Of course, while in Mendoza, a wine tour is a must.
We were nicely guided by Paula who put a private tour together in no time, so fast, that we did not really know where we were going, but it all sounded good.
Paula’s husband Pablo showed up at nine in the morning to drive us around. He is very kind and served us as a perfect sparring partner for our miserable Spanish. We drove about an hour to Valle de Uco to our first appointment at the…
We entered the first bodega (wine producing company) and immediately felt like being beamed up to an episode of Star Trek on earth. A mix of Disney Land and an architect’s super design dreamland. Everything was set up to impress the visitor. We, with a group of visitors, were first seated in a movie theater to enjoy a pretty piece of marketing. We were then guided through a vast garden of vines to reach the Selantein Dome (or so) where the different levels of wines were presented at the entrance. 12 months of maturation in an oak barrel, 24 months, French or American oak, and so on. A bit technical, not very passionate. We then were allowed to glimpse down a huge hall to see numerous barrels nicely arranged around a piano and beautifully illuminated. Everything was huge, efficient, clean, and shiny. So were the tasting rooms. Not just one but three of them. We were guided to a small room, the big one is for distributors only.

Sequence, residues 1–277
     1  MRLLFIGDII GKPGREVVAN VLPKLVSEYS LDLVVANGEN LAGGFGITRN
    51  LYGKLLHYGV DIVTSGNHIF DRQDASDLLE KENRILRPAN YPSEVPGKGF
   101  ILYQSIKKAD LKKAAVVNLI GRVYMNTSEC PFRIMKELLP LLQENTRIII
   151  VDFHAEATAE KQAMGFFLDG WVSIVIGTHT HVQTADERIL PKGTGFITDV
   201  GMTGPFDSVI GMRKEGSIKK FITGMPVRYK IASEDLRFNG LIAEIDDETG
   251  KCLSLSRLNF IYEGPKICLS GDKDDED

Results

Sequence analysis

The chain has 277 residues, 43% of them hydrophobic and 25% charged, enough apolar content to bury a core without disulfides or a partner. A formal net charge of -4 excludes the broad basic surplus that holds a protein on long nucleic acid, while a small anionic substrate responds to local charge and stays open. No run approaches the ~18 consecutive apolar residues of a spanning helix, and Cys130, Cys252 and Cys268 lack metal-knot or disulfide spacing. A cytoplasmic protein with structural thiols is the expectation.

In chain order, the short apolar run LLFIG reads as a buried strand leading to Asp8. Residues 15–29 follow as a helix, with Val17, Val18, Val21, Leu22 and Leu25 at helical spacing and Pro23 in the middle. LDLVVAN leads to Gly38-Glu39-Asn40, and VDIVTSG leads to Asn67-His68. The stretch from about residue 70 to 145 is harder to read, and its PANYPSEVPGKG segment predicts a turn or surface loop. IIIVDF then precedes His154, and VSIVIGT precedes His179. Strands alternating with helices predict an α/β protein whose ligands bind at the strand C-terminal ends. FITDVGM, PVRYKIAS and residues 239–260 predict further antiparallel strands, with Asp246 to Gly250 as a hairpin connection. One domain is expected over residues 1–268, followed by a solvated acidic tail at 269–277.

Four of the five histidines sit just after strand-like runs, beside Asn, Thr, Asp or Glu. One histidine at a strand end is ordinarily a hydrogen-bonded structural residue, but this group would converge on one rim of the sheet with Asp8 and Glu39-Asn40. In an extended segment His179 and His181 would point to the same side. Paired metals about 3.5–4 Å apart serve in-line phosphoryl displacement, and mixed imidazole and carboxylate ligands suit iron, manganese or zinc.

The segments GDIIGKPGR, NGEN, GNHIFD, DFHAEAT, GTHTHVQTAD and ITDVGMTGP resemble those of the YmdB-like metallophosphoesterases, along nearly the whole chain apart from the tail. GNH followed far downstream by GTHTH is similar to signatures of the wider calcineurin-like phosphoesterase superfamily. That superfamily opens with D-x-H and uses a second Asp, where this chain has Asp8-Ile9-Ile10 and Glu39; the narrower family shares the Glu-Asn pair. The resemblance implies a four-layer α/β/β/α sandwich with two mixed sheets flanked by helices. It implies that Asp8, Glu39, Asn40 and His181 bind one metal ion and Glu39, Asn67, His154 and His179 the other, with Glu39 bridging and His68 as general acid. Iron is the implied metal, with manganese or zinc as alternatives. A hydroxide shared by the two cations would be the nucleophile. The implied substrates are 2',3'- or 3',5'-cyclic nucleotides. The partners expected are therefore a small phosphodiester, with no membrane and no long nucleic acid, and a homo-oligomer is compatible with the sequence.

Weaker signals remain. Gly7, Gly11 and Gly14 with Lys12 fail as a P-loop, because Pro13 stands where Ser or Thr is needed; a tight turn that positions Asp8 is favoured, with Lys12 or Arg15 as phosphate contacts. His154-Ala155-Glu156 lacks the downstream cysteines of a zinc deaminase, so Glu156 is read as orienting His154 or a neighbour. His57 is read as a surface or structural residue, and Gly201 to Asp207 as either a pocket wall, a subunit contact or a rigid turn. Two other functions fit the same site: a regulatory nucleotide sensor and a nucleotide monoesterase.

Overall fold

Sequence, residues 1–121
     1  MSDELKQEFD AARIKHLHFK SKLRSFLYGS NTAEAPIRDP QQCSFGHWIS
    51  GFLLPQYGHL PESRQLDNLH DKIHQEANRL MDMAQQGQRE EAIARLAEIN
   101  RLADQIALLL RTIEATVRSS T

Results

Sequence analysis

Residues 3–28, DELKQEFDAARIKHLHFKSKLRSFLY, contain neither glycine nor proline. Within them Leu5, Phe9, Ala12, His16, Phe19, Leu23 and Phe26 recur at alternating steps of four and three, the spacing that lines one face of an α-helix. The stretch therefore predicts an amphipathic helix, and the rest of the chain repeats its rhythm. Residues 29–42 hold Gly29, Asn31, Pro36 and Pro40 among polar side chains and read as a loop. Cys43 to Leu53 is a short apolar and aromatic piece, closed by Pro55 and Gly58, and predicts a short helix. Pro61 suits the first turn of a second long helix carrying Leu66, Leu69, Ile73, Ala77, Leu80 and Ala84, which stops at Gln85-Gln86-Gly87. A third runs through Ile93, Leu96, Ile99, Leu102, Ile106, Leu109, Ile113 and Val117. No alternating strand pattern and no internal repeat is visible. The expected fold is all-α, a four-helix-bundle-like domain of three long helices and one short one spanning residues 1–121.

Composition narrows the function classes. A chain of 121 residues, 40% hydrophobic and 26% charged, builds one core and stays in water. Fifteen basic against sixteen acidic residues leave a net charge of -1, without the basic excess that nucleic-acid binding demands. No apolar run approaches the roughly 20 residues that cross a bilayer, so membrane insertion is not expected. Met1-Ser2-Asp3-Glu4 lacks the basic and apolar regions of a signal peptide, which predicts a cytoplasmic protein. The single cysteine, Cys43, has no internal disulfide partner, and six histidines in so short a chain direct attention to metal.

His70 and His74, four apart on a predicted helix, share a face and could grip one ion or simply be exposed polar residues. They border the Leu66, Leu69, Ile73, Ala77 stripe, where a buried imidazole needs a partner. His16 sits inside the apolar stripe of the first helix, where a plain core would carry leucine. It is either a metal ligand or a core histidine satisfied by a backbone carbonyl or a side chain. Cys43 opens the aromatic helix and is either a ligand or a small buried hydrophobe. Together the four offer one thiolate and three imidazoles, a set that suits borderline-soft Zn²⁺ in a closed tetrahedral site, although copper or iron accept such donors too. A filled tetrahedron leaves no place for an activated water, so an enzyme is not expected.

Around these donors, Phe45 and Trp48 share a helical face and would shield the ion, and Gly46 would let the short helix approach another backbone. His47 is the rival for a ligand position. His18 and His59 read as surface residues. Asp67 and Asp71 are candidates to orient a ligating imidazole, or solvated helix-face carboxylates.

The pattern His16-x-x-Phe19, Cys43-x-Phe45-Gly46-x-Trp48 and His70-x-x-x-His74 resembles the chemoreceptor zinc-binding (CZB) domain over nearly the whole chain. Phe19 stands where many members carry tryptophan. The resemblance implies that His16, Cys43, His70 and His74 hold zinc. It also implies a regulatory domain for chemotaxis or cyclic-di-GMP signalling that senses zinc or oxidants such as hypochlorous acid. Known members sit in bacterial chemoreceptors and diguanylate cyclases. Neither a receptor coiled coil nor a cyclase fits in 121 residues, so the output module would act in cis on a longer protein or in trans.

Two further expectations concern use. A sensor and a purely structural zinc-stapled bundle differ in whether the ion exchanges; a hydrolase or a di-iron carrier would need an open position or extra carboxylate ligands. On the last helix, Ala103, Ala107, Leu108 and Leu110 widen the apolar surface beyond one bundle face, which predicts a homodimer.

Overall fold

But this was not Mendoza’s reality but somehow a lesson in wine marketing. So off we went for the second bodega.
Apparently one of the smallest Bodegas in the region. Rustic, simple, human and a perfect contrast to Salentein. What they told us here, about how the wine is produced was not that different from the spaceship we visited before, but here the wine was, well, wine and much less a show. And given that we were tasting for a couple of hours already, the tasting started to turn into, well, a funny kind o shining.
And then came the great experience and an excellent lunch in between the tasting at…
A super cozy stand-alone restaurant with a probably rather unique “wine bottle cemetery” at the entrance. A collection of empty bottles nicely hung up, setting the scene. Here you come to drink some nice wines from any of the producers in the region. And while waiting for lunch to be served, the owner came along with some bottles of wine saying: “I don’t know what it is. I believe it’s good stuff. Some friend brought a couple of bottles yesterday. Why don’t you try it”. And surprisingly, nothing was added to the bill for that impromptu tasting. The food was excellent and two hours later, we moved on to “La Azul”.
It was great to see two completely different bodegas and I found it reasonable not to go beyond three tasting events. Some of the wines, particularly the Malbecs, were excellent. At least the first 10 we tasted. Thereafter, I don’t remember, really.
Salud, Proscht, Kampai, 乾杯!